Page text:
To turn a fixed-line company into Turkey’s most valuable telecommunications brand is a notable feat. To achieve that while also leading said company through the complex process of privatisation is an even bigger one. That’s exactly what Paul Doany has managed to do as CEO of Turk Telekom – a role he’s held twice, first between 2005 and 2011 and then again since September 2016.
Turk Telekom is Turkey’s leading communication and convergence technology group. It has a modern network infrastructure that covers the whole of the country, and provides services such as fixed line, internet and mobile. Initially starting life as a state-owned company, Turk Telekom was privatised in 2005 when Saudi Oger Group’s Oger Telecom became the majority shareholder. The Treasury of Turkey also holds a stake in the company.
Paul Doany heads up change at Turk Telekom
Paul says he never imagined that during his two tenures as CEO he would be able to action so much change. “I never thought that we would be able to achieve so much in my time, because I came on very early in the move to become a private company. And to turn a fixed-line company into the most valuable telecommunications brand is unique – that’s normally the privilege of the mobile-phone players in a market.
“Mobile appeals to the customer in the sense that they can actually hold the service in their hands, while the fixed-line service is serving a home or a business. We only ever had a 40% stake in the mobile segment, and Turk Telekom did not own its mobile division. So that was a big achievement."
I never thought that we would be able to achieve so much in my time.
During Paul’s first stint as CEO of Turk Telekom, he was also the head of parent company Oger Telecom, where he was CEO from 1999 to 2011. In that time, he led several telecommunications operations – Cell C in South Africa (1999–2003) and Cyberia in Lebanon, Jordan and Saudi Arabia (2005–11), in addition to Turk Telekom (2005–11).
His key mandate at Turk Telekom was to manage the investments it was making into start-up ICT companies – ones that would complement and add value to the business’s existing services and operations.
“I left in 2011 to pursue my own personal investments,” Paul says. “I was very keen on digital strategy, which the board wasn’t backing in full at a telecommunications level, although Turk Telekom did have some interest in it. So I ended up moving into venture capital, making early-stage investments into IT and internet companies.
“All up, I made 20 investments, all of which were in the digital space, except for one in geothermal power, which was a new adventure for me. I also did a little bit of short-term consulting work, but mostly I was following my own investments in Turkey. I believe in the market here and in the demographics of the market, especially the younger age group and the seriously underserved internet community.”
Turk Telekom grows its customer base
When Paul was reappointed CEO of Turk Telekom late last year, his intention was to fix the basics. “Number one was to grow broadband,” he states. “The broadband penetration hasn’t increased that much in Turkey. It reached around 40% household penetration, but that number really ought to be around 60–70%. I mean, there’s no reason for it not to be. Most of the hurdles against that tend to be regulatory, so I had to focus on that and find a solution. We’ve now achieved that.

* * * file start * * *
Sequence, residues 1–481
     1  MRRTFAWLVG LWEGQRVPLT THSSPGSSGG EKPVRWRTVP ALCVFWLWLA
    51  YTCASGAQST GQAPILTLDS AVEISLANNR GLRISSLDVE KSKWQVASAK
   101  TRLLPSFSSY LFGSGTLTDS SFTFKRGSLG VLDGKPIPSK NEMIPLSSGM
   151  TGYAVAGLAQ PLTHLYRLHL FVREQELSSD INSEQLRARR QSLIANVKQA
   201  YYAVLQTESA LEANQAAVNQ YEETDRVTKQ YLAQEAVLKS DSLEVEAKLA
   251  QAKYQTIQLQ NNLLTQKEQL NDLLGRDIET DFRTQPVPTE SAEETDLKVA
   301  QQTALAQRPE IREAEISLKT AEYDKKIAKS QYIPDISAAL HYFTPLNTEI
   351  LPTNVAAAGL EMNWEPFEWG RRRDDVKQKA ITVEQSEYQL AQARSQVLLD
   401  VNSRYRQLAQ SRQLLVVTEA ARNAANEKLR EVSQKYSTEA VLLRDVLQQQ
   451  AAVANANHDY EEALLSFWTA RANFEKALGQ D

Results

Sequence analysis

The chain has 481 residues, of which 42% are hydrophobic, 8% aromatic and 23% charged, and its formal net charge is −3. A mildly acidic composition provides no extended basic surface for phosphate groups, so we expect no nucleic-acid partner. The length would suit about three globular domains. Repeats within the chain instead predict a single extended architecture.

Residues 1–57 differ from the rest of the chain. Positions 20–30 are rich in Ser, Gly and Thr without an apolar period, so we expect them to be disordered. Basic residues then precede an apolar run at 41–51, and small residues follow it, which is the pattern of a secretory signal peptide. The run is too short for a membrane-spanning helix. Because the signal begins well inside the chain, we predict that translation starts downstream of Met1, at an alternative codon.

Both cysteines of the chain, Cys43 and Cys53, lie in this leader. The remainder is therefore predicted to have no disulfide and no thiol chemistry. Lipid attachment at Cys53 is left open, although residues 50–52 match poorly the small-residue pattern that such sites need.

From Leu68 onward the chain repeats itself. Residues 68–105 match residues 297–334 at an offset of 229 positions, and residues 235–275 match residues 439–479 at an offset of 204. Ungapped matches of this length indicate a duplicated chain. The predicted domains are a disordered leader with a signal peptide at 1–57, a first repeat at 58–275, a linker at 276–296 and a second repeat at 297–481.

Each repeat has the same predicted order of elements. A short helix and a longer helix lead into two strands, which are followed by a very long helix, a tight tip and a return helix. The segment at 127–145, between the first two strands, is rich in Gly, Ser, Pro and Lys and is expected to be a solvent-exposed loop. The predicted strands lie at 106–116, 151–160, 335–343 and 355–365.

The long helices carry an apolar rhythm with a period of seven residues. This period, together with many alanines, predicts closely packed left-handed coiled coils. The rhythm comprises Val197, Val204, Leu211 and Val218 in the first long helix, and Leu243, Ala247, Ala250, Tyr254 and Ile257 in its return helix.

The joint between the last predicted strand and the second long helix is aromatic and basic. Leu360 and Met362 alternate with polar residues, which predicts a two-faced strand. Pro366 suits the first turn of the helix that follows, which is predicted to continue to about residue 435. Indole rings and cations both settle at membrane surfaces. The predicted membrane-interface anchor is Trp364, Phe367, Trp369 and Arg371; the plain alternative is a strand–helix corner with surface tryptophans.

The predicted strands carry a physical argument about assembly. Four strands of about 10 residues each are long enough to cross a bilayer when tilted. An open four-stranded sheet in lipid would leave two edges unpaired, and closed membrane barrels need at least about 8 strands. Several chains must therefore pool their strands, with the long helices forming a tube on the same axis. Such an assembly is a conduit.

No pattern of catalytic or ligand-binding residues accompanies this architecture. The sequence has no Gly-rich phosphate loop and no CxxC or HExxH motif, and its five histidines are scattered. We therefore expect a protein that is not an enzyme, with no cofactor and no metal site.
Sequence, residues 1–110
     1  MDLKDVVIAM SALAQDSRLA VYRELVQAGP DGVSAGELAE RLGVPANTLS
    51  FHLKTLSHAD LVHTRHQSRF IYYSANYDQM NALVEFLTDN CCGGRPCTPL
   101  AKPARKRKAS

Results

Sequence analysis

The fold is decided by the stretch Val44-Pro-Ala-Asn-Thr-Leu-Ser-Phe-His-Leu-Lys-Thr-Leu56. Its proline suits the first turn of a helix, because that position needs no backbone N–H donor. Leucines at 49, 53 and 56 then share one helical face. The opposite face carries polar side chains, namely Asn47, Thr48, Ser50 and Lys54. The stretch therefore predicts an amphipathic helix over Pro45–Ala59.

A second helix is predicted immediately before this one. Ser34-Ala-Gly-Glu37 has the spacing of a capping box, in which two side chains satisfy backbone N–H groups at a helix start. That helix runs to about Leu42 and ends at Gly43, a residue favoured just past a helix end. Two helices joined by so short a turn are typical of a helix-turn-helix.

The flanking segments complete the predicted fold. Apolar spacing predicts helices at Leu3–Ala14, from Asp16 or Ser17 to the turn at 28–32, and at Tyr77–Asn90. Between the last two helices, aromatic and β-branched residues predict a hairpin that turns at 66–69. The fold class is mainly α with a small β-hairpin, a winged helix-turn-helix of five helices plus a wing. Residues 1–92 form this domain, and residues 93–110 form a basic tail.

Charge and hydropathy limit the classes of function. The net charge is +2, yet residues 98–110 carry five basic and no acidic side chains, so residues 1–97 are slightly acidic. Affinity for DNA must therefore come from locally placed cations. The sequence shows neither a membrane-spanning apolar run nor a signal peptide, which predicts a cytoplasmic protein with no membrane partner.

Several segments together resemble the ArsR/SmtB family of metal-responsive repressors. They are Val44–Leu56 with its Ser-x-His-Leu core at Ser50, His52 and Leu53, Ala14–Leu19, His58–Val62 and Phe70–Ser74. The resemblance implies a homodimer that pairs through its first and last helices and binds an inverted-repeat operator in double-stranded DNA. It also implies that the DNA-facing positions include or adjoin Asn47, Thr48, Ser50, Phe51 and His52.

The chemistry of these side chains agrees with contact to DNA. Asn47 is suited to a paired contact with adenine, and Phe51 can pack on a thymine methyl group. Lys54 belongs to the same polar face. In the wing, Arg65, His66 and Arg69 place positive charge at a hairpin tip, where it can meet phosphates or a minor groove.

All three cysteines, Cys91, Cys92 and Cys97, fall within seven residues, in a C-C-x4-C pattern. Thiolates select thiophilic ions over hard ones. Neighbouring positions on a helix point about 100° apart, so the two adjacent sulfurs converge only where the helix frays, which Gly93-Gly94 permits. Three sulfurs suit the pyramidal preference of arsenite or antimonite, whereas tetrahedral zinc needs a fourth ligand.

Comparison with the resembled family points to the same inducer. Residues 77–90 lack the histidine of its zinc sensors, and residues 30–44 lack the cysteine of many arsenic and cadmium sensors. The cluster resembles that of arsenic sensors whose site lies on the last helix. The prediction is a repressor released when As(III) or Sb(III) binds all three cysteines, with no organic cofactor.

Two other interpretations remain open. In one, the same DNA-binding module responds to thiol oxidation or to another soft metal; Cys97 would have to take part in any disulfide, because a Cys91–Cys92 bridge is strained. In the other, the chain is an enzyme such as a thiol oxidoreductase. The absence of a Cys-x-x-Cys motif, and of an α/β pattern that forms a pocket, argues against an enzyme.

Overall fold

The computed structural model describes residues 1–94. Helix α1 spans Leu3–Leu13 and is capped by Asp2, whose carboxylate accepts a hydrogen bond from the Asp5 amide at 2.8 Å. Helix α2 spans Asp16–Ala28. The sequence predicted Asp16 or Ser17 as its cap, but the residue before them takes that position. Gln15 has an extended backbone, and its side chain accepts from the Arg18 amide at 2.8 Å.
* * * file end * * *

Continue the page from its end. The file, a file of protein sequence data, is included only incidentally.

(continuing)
“Number two was to grow satellite TV. Turkey has a very low penetration of quality television. I figured that could be an easy target to hit. I made it my aim to disrupt that space and we launched our service earlier this year. We are already second in the market in the satellite TV space, and with that we’re bundling mobiles, so we’re able to offer very aggressive pricing.”
With the broadband and satellite initiatives now in play, Paul foresees that there will be future opportunities in what he refers to as ‘wireless’ and ‘wired’ homes. “A ‘wireless’ home is one that gets its entertainment by satellite; and a ‘wired’ home is one that gets it by broadband,” he explains. “So I need to reach both these markets.”
A commitment to investing in small companies
Another area of focus for Paul is to promote two of the company’s brand values: innovation, and its commitment to investing in small companies. During his first tenure leading Turk Telekom, he led four investments in IT businesses: iNNOVA, which is strong in the customer-service space and is doing work with ‘smart cities’; Argela, a technology company that works quite heavily in the voiceover IT space; Sebit, an education company; and a game company, which has since closed down. Today, Turk Telekom also has AssisTT as a subsidiary, which is a solutions-driven contact centre company.
“Each of these businesses speaks to our brand but they also increase our equity value in areas where telecommunications can’t. For example, in the education sector, one of the companies is uniquely placed to serve students of night schools, people who are studying in preparation for university. Thus, it is a unique product.
“Then, in the health sector, I want to reactivate projects that in my first tenure were perhaps too advanced because we didn’t have the devices. That was the pre-smartphone era, and obviously now with smartphones and tablets we can revisit that space. We’ve found three companies in the market that have taken steps in that direction, so we plan to make some investments in them.”
Going forward, Paul reiterates that health and education will be key, and that he also has a keen interest in the electricity sector. “By entering these industry segments, we can offer services that are more meaningful to the Turk Telekom end user – the best-case scenario – or at least more meaningful to the operating partner who is then serving that end user,” he says. “That’s the aim, to be well-equipped to service both.”